Pride and Perjury: Time and the Oath in the Mountain Villages of Crete
By Michael Herzfeld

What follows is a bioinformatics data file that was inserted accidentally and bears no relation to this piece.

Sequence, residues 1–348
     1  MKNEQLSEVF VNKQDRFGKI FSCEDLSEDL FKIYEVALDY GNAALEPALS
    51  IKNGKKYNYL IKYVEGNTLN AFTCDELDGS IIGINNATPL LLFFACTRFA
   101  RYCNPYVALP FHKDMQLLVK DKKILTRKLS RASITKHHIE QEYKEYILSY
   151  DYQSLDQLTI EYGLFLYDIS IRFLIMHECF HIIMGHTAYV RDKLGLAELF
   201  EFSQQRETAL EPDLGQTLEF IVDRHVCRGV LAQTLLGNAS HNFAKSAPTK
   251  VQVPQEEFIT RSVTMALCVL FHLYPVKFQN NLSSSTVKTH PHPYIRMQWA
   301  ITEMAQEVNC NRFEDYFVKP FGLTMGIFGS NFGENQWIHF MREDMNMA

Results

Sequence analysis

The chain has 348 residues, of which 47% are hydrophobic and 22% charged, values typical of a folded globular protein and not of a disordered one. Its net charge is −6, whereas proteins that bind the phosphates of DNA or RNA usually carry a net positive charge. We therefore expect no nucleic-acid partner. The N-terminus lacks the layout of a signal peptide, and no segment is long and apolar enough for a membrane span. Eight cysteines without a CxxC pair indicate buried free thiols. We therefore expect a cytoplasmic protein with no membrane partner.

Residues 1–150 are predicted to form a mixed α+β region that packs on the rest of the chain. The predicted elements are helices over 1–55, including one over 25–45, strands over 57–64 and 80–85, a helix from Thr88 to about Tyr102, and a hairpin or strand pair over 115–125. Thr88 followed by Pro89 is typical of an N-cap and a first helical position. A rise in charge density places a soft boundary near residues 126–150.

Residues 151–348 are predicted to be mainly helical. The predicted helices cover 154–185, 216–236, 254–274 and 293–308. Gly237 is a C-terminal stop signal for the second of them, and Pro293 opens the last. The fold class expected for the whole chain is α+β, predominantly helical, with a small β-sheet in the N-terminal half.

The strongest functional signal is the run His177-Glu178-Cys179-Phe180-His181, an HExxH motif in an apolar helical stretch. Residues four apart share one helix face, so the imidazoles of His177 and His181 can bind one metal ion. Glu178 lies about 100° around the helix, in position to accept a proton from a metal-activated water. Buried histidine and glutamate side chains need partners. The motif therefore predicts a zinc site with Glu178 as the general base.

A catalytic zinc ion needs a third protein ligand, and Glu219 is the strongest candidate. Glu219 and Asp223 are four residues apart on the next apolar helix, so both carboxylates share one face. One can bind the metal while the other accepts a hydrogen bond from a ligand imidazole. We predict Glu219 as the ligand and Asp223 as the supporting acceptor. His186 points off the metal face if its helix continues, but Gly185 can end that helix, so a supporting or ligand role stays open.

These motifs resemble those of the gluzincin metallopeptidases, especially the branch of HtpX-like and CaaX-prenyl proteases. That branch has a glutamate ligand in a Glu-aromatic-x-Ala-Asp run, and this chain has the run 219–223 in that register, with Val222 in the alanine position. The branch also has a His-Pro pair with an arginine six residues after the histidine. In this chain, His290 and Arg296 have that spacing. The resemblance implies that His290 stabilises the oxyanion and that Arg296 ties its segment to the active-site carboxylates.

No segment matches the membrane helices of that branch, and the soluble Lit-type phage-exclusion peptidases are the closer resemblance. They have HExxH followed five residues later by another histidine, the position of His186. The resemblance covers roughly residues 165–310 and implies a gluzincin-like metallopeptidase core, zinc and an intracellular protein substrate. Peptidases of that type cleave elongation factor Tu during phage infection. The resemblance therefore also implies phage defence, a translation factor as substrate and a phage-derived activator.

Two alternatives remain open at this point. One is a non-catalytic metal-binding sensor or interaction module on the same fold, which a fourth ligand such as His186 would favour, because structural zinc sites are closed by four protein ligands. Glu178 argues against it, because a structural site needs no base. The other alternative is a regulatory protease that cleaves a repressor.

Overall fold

Strategic manipulations of notions of trust and eternal value invoke a timeless model of perfect reciprocity. This ‘structural nostalgia’ legitimises present actions. The principle is illustrated by the uses of oaths among Cretan animal-thieves. Once an oath has been taken, accusers may not voice their suspicions of others’ perjury in the absence of irrefutable evidence. The word of honour is a refraction of the divine Word, so that unfounded challenges offend at both the social and the cosmological levels. The oath is used to establish parity amongst rivals, by restoring social relations to an approximate version of the ideal. Its adoption by courts of law decreases its reliability and moral power by further undermining the principles of direct social reciprocity.